Whenever I write about the criminal Bar these days, I find myself thinking of that scene in Titanic where the ship flips vertically leaving Kate Winslet and Leonardo DiCaprio clinging to the railings as passengers all around them plummet into the sea.
The Carpathia, the ship which eventually scooped up Winslet and the rest of the Titanic survivors (sadly not including Leo), was less glamorous than the Titanic, but ultimately a much better place to be – not unlike the Crown Prosecution Service (CPS), which I wrote about the other day for Guardian Law.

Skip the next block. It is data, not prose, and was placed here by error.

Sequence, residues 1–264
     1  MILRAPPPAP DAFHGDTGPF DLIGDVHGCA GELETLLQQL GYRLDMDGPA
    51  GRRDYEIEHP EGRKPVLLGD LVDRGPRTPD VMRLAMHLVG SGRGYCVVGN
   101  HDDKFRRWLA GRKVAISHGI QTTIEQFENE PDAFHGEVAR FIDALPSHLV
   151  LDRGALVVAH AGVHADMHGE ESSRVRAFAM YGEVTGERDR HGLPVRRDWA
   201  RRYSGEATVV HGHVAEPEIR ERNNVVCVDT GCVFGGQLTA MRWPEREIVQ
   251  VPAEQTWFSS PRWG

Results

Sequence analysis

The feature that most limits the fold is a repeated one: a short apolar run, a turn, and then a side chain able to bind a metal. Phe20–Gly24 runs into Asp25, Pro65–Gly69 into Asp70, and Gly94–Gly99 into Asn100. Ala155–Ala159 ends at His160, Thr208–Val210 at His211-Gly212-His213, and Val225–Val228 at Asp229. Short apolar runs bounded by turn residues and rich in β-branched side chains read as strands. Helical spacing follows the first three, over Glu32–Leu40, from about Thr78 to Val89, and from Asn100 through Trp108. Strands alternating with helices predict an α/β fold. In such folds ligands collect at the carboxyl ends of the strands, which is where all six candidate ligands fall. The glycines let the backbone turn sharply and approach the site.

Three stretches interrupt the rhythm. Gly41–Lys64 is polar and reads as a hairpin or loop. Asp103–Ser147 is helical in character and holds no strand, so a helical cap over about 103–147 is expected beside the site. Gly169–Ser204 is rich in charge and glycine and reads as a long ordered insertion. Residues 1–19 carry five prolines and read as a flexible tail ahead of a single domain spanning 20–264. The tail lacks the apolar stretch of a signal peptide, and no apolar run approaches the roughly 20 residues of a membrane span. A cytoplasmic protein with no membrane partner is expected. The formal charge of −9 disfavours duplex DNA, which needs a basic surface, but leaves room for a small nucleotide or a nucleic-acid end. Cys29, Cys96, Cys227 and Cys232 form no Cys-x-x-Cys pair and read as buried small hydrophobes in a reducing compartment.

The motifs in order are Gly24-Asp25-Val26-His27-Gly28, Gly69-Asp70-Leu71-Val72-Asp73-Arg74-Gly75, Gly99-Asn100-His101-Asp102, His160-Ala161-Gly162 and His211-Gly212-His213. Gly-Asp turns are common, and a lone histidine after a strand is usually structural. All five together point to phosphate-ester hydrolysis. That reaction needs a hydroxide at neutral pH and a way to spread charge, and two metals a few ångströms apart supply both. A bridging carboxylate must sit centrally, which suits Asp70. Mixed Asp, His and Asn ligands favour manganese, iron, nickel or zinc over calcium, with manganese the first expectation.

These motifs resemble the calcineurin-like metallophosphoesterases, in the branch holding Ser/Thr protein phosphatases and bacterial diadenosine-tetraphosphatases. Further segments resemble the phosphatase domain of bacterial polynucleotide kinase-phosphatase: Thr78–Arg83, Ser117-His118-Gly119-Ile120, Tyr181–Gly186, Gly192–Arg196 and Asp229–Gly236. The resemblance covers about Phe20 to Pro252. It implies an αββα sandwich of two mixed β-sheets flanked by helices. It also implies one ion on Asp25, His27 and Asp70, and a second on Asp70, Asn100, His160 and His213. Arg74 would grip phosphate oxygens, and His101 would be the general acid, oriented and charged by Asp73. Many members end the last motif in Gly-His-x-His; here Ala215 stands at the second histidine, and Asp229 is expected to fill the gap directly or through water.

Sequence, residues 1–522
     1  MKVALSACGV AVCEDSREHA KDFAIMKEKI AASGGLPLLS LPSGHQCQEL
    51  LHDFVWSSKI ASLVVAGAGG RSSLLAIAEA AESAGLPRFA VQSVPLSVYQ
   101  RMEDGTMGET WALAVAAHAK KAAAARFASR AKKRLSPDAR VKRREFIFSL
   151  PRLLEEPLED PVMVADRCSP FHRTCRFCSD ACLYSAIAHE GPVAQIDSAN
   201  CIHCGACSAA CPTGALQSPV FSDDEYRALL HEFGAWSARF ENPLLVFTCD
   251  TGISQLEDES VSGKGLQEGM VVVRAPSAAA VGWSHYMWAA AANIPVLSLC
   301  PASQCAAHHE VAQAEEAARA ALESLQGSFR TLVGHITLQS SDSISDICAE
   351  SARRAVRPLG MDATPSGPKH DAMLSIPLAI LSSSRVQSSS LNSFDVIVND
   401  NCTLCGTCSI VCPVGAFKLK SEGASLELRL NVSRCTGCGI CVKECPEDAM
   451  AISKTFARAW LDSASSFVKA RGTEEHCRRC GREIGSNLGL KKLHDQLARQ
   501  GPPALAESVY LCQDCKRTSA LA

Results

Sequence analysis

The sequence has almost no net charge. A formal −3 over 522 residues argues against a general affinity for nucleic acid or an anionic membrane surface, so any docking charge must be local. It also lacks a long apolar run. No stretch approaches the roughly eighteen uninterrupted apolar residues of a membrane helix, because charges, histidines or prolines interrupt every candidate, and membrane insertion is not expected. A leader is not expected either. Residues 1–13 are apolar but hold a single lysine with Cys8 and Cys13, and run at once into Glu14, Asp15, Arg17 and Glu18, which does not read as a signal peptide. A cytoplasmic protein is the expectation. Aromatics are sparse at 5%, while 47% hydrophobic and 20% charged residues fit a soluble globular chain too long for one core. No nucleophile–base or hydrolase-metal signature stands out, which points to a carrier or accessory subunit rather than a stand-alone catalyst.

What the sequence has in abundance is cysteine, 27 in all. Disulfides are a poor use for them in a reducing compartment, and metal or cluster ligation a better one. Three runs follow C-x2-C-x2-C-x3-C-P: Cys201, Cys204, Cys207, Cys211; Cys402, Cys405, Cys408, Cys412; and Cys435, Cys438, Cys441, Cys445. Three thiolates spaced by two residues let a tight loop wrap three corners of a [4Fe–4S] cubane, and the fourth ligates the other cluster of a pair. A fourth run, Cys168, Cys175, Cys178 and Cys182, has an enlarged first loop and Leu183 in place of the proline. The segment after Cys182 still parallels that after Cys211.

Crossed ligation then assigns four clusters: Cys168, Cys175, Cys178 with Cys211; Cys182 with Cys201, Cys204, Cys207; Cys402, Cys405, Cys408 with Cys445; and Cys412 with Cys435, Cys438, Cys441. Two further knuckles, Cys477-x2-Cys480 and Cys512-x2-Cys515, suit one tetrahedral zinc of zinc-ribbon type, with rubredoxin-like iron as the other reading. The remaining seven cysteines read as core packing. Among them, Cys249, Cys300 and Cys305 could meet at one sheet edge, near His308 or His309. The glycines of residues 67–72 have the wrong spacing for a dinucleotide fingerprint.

Now, in view of the relative health of the CPS vs the criminal Bar, I had assumed that the old snobbery directed by private practice barristers towards their employed crown prosecutor cousins would be long gone.
The CPS pays new recruits a wage they can live on, after all, and increases it as they gain experience – by no means a certainty at the criminal Bar anymore. Plus, it's not as if the CPS is scraping the bottom of the barrel for new recruits, with over 1,000 applicants (the majority wannabe barristers) fighting it out for just 15 places in its recently-concluded application round.
But judging by this comment on my Guardian piece from Emily Morris, it seems that some criminal barristers operating out of chambers still feel superior...